Differences in access and utilisation of mental health services in the perinatal period for women from ethnic minorities—a population-based study

Research output: Contribution to journalArticlepeer-review


  • Jelena Jankovic
  • Jake Parsons
  • Nikolina Jovanovic
  • Giles Berrisford
  • Alex Copello
  • Stefan Priebe

Colleges, School and Institutes

External organisations

  • School of Psychology, University of BirminghamBirmingham, UK.


Background: Barriers to accessing mental health care during pregnancy and the first postnatal year (perinatal period) seem to be greater for ethnic minority women; however, there is no reliable large-scale data about their actual use of mental health services during this period. Our study aims to explore access rates to secondary mental health services, including involuntary admissions to psychiatric inpatient care and patterns of engagement for ethnic minority women aged 18+ who gave birth in 2017 in England, UK.

Methods: Two datasets from the National Commissioning Data Repository, the Acute Inpatient Dataset and Mental Health Services Dataset, were linked. Datasets covering the full perinatal period for each woman were included. Rates were standardised by age and deprivation.

Results: Out of 615,092 women who gave birth in England in 2017, 22,073 (3.5%) started a contact with mental health services during the perinatal period. In total, 713 (3.2%) were admitted to inpatient care, and 282 (39.5%) involuntarily. Ethnicity data was available for 98% of the sample. Black African, Asian and White Other women had significantly lower access to community mental health services and higher percentages of involuntary admissions than White British women. Black African, Asian and White Other women had a higher number of attended community contacts and fewer non-attendances/cancellations of appointments than White British women.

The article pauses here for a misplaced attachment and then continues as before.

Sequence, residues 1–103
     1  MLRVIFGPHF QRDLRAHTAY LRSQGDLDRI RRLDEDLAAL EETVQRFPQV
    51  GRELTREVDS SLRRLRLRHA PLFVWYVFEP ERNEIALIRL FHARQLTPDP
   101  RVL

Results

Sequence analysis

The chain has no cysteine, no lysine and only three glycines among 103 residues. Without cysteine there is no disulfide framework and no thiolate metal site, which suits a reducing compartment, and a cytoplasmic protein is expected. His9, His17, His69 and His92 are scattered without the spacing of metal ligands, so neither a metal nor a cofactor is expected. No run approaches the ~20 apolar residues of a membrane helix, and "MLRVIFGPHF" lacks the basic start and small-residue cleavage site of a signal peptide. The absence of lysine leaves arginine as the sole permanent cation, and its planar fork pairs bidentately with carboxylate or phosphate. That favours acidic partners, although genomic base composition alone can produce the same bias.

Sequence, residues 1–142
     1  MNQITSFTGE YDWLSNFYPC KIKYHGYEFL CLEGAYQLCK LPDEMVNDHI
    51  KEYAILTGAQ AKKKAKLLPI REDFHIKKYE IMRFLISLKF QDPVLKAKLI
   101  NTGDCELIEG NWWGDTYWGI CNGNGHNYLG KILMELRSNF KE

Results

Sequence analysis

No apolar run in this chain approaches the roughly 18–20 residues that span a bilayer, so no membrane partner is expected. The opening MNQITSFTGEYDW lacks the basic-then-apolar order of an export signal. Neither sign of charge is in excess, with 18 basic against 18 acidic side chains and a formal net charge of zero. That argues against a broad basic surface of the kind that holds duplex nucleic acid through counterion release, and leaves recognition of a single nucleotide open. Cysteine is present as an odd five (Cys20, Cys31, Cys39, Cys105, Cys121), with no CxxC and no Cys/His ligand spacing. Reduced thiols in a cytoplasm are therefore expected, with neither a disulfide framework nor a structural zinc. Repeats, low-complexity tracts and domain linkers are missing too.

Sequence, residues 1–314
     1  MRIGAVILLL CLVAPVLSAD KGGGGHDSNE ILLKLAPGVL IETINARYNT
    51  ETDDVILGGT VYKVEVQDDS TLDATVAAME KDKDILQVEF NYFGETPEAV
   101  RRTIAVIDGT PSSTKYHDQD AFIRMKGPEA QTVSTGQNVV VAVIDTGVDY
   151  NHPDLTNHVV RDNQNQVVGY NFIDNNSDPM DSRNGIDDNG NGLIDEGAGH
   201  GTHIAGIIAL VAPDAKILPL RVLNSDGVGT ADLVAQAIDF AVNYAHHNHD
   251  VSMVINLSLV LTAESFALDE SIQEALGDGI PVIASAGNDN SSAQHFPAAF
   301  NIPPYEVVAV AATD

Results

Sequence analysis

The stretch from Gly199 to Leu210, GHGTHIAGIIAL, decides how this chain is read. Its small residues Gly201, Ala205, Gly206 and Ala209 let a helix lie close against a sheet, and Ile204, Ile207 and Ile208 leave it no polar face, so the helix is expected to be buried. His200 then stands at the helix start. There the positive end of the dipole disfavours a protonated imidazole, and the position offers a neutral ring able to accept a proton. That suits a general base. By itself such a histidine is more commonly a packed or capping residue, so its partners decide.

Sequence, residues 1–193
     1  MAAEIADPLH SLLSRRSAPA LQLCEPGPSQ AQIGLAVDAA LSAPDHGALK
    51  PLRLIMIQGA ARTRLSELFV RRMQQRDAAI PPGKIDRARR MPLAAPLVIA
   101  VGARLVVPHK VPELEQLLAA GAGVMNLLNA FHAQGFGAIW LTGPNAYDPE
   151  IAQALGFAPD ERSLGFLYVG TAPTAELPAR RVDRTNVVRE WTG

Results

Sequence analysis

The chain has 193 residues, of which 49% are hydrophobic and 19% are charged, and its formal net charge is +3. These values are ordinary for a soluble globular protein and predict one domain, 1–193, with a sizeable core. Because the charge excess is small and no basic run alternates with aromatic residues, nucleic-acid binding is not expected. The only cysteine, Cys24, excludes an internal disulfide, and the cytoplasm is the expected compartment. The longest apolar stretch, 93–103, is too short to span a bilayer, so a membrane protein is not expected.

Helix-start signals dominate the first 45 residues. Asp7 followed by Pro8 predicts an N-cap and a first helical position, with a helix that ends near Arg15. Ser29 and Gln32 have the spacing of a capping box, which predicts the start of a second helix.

Conclusion: Access to mental health services during the perinatal period varies significantly between women from different ethnic groups. Access to community mental health services should be facilitated for Black African, Asian and White Other women during the perinatal period, which may reduce rates of involuntary hospital admissions for these groups. The pattern of engagement with community services for women from these ethnicities indicates that access appears to be a problem rather than utilisation.


Original languageEnglish
Article number245
Number of pages12
JournalBMC Medicine
Issue number1
Early online date11 Sep 2020
Publication statusPublished - Dec 2020


  • Ethnicity, Perinatal, Mental Health, Psychiatry, Access